Cape Town mayor Dan Plato cautiously welcomed Ramaphosa’s announcement. “However, urgent clarity is required from the national government on the legal and regulatory nuts and bolts of how this must happen. “We need urgent clarity from the government on the roles and responsibilities for municipalities and other stakeholders in terms of the new generation capacity regulations in the Electricity Regulation Act,” said Plato.

He says the City is doing a study to determine how best to overcome energy poverty, through various projects including installing solar kits, solar home systems, increasing free basic electricity and improving access to gas. “Improving access to affordable electricity is a key deliverable that we are investigating at the moment.”

Ramaphosa also announced that “a Section 34 ministerial determination will be issued shortly to give effect to the IRP 2019, enabling the development of additional grid capacity from renewable energy, natural gas, hydropower, battery storage and coal”. “We will initiate the procurement of emergency power from projects that can deliver electricity into the grid within three to 12 months from approval,” he said.

Nersa will continue to register small-scale distributed generation for own use of under one megawatt, for which no licence is required and will ensure that all applications by commercial and industrial users to produce electricity for their own use above one megawatt are processed within the prescribed 120 days, Ramaphosa said. “It should be noted that there is now no limit to installed capacity above one megawatt.”

He said that a bid window for round five of the renewable energy IPP will be opened and that the government will work with producers to accelerate the completion of bid window four projects. “We will negotiate supplementary power purchase agreements to acquire additional capacity from existing wind and solar plants.”

While the electricity generation shortfall the country faces was quantified at the release of the IRP in October at 2,000 megawatts, this has subsequently been revised in later official pronouncements to 3,000 and then 5,000 megawatts. A document issued after the January lekgotla of the ANC’s national executive committee put the shortfall at 5,000 to 7,000 megawatts.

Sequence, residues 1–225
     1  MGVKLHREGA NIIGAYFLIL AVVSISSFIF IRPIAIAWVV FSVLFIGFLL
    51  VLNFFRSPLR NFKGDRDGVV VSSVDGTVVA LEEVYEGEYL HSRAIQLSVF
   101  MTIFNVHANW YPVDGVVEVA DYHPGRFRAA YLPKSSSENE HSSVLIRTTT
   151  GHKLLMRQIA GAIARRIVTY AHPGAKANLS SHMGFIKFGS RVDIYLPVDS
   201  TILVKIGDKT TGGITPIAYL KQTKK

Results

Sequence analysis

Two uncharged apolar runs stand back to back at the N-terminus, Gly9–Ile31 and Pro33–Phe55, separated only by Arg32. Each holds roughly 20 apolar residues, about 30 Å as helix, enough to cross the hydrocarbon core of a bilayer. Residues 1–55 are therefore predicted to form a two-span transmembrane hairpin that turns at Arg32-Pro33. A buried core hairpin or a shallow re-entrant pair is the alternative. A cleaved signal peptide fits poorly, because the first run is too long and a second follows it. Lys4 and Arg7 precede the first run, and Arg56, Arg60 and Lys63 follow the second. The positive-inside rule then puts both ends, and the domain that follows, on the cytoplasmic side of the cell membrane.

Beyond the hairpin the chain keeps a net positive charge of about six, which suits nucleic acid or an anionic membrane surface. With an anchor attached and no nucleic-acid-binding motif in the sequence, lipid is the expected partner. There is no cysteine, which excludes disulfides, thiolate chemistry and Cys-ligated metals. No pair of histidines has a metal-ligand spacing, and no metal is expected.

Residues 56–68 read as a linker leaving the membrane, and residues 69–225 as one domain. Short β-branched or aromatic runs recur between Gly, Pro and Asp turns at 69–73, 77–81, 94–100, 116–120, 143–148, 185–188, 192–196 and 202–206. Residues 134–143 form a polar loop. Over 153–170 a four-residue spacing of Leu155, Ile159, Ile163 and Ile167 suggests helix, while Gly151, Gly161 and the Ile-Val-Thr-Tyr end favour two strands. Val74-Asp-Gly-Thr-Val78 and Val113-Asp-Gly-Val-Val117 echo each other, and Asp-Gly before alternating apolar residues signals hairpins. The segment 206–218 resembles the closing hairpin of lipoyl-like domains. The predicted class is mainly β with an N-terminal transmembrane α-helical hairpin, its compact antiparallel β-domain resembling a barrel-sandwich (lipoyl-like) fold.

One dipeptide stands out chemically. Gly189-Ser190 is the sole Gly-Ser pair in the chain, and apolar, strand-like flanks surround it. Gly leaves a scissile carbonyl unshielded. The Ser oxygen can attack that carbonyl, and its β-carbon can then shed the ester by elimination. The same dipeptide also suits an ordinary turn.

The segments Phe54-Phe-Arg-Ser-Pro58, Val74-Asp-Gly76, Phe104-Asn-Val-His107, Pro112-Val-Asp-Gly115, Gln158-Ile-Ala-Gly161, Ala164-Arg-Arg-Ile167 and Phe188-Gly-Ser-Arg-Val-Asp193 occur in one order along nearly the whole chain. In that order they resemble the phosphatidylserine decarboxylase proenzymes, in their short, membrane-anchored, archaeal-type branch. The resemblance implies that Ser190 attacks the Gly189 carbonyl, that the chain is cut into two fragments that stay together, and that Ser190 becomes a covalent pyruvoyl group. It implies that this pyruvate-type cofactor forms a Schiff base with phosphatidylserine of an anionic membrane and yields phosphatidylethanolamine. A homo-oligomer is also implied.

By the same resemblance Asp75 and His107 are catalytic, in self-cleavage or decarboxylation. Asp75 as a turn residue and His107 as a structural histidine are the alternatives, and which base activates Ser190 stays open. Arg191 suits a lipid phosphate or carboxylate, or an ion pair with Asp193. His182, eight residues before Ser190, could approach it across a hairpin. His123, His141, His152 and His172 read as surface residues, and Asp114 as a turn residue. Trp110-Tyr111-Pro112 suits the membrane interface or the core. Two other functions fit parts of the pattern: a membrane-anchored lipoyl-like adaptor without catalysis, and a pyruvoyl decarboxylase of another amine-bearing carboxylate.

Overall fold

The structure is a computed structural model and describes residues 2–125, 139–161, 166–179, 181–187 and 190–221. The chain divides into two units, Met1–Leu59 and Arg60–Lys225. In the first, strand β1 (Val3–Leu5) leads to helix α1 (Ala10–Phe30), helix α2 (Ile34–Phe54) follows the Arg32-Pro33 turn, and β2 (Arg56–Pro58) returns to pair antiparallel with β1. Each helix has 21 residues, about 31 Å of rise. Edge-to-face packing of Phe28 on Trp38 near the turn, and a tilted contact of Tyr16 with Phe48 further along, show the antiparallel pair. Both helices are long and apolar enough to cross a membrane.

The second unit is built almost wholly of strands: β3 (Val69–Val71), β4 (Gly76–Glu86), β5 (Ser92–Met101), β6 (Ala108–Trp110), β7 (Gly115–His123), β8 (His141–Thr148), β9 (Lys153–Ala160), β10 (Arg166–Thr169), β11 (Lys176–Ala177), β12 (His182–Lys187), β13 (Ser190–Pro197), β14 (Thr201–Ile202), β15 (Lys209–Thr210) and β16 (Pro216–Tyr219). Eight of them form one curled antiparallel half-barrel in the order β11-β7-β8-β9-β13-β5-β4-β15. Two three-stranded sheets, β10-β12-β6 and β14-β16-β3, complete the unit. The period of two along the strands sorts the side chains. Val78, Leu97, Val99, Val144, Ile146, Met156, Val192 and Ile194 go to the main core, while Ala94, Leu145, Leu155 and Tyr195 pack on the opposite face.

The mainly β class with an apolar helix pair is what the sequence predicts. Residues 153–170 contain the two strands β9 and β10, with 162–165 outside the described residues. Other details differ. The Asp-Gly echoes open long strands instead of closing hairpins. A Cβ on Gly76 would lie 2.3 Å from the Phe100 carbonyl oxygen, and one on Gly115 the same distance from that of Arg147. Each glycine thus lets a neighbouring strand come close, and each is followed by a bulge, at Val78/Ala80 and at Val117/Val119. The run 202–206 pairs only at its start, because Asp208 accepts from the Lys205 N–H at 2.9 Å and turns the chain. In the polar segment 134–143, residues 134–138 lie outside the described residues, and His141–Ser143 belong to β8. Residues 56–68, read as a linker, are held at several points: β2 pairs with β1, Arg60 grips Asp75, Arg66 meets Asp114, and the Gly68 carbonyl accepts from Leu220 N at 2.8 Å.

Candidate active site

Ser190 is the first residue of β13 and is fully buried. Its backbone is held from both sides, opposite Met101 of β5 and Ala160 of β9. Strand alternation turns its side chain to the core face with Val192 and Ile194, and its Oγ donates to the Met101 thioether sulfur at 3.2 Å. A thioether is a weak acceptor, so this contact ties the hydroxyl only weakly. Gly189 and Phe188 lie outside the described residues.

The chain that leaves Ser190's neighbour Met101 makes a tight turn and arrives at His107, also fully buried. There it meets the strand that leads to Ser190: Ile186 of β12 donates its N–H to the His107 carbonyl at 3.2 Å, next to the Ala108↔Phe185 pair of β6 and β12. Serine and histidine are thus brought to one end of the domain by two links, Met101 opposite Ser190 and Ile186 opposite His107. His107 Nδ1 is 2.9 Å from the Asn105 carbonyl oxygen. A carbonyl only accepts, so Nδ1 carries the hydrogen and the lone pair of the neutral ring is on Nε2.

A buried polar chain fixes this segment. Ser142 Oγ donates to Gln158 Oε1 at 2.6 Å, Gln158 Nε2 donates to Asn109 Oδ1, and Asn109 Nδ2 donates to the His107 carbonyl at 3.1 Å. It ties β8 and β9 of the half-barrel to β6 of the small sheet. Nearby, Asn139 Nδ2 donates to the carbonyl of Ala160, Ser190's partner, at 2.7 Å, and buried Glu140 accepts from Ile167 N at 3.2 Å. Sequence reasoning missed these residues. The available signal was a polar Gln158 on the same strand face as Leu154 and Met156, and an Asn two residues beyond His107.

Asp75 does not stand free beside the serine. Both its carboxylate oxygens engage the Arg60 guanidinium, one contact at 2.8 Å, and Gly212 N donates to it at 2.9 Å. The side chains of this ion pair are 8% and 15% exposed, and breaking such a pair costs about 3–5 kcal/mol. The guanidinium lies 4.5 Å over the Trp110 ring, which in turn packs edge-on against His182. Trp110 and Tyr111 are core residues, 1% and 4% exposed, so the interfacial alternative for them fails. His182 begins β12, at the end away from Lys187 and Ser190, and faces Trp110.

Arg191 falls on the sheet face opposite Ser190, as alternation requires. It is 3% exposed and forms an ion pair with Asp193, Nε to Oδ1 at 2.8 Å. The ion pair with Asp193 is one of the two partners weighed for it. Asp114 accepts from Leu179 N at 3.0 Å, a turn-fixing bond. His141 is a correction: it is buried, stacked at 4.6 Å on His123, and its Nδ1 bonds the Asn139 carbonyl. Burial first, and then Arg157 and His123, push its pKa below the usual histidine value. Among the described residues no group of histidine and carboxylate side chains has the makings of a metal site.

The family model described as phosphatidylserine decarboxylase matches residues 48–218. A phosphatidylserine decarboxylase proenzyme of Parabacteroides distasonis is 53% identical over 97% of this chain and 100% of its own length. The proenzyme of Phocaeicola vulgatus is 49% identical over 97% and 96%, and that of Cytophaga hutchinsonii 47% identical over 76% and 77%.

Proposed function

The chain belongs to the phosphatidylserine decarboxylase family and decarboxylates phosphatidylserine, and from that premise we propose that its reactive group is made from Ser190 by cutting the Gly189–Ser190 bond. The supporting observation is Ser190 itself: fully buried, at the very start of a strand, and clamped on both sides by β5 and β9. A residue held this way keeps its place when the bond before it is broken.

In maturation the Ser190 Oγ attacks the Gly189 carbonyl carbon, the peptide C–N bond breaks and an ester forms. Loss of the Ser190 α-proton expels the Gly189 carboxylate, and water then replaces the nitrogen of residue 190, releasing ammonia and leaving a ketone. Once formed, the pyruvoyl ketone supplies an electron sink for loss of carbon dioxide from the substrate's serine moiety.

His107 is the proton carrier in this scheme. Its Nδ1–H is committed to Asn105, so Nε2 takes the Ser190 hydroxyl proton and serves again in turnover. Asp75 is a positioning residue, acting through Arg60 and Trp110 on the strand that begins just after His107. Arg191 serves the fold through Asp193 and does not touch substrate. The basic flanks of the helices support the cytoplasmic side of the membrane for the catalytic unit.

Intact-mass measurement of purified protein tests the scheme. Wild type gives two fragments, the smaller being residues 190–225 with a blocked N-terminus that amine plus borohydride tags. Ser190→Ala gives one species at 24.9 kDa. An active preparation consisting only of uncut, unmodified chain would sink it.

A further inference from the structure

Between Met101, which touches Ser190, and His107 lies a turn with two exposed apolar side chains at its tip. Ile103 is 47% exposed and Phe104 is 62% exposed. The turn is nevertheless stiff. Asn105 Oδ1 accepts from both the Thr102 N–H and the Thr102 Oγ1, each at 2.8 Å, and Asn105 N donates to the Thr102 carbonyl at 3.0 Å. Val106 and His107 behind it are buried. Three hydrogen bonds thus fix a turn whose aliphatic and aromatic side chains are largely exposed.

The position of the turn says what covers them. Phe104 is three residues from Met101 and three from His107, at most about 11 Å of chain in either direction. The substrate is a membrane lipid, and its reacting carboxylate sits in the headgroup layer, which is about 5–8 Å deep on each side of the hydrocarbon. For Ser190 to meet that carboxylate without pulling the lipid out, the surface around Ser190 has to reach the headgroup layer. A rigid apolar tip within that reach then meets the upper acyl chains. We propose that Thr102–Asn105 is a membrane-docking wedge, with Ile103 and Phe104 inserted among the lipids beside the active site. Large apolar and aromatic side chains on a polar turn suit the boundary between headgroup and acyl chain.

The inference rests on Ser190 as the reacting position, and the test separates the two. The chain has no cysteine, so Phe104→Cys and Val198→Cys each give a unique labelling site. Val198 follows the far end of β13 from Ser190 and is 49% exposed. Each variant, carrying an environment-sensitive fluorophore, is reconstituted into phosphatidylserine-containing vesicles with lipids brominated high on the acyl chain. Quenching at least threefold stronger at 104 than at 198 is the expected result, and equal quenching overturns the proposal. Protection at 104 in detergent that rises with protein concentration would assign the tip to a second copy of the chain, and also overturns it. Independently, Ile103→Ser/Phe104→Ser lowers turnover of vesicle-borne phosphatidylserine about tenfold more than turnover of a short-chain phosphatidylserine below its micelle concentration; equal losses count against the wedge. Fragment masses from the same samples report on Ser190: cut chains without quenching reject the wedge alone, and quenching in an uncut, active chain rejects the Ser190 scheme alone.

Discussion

For information as to how Relocation Africa can help you with your Mobility, Immigration, Research, Remuneration, and Expat Tax needs, email info@relocationafrica.com, or call us on +27 21 763 4240.

Sources: [1], [2]. Image sources: Matthew Henry [1], Arqm Ahmd [2].

South Africa Will Embrace Private Power Generation, President Ramaphosa Says

South Africa will embrace efforts by businesses to generate their own electricity, President Cyril Ramaphosa said recently, reacting to growing frustration at red tape throttling private power generation.

Ramaphosa is under pressure over nationwide power cuts that have dented economic output and sapped investor confidence in Africa’s most industrialized economy.

Ailing state-owned utility Eskom generates more than 90% of the country’s electricity but regularly struggles to meet demand because of breakdowns at its coal-fired power plants.

Many power-hungry companies such as mines want to build their own renewable energy plants to reduce their reliance on Eskom but have not been able to secure the necessary regulatory approvals.

“For the first time we are now saying let us have self-generation,” Ramaphosa told an economic conference in Johannesburg. “We have opened up a new era … that says we are now embracing the fact there are those companies and households that want to generate their own energy.”